FOR SALE ATLANTIS MAIL ORDER HOBBY SUPPLY Deep Discounts on Thousands of New Kits. Send $2.95 for Catalog to: 9 Connor Lane, Unit-G, Deer Park, NY 11729, 631-499-6733 CANOPY MASKING AND MORE! WWW.EZMASKS. COM List $3.00. Chris Loney, 75 Golf Club Rd., Smiths Falls, ON, Canada K7A 4S5. 613-283-5206, [email protected] PLASTIC MODEL AIRPLANE COLLECTION. 30 year collection. 1/72, 1/48, and 1/32 scale. Call James at 682-234-7059 for price list. SHIP AND AIRCRAFT MODELS. Built for display. For additional information contact, Ray Guinta, PO Box 74, Leonia, NJ 07605. www.rayguinta.com THOUSANDS OF MODEL KITS for sale. All types from Old Aurora to new releases. Send a 70¢ SASE to: Dean Sills, 116 N. Washington, Owosso, MI 48867. Specify Military List. Phone: 989-720-2137. Fax: 989-720-0937. E-mail: [email protected]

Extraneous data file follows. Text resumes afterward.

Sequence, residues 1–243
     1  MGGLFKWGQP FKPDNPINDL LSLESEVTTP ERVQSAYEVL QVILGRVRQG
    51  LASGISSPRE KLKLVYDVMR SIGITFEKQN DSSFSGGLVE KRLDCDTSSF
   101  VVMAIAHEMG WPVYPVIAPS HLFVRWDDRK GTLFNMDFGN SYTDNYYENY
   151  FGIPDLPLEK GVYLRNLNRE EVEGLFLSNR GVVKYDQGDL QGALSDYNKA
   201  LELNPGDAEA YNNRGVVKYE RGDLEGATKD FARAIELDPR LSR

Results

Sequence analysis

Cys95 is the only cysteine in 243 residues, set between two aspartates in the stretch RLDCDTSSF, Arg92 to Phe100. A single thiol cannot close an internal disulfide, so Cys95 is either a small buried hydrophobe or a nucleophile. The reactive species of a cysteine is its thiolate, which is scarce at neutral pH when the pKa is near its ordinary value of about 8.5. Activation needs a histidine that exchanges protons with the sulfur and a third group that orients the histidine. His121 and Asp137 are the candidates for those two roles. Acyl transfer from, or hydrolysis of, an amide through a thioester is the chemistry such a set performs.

"Your Spare Time is Our Business"
COLPAR’S HobbyTown USA PLANES • ARMOR • CARS • SHIPS • SCI-FI
We carry a huge inventory of plastic model kits from around the world! Full Line of Detailing Accessories. Airline models, Decals, Books, Promos, Die Cast Collectibles, Historical & RPG Games & Miniatures, Airbrushes & parts. Large Paint and Tool inventory. Full line R/C department. We ship worldwide.
www.colpar.com COLPAR’S HobbyTown USA To order call: 1-800-876-0414 1915 S. Havana St. For information: 303-341-0414 Aurora, Co 80014
WOODEN SHIP MODEL KITS BlueJacket Shipcrafters, America’s oldest wooden model maker has produced the ﬁnest ship model kits since 1905! With over 75 ship model kits from museum quality to kits for the beginner, we bring maritime history alive with exquisitely detailed model ships from the early days of sail, to square rigged and clipper ships, to the warriors of WWII, and the workhorses of the sea. Visit us at www.bluejacketinc. com to enter the world of wooden ship modeling.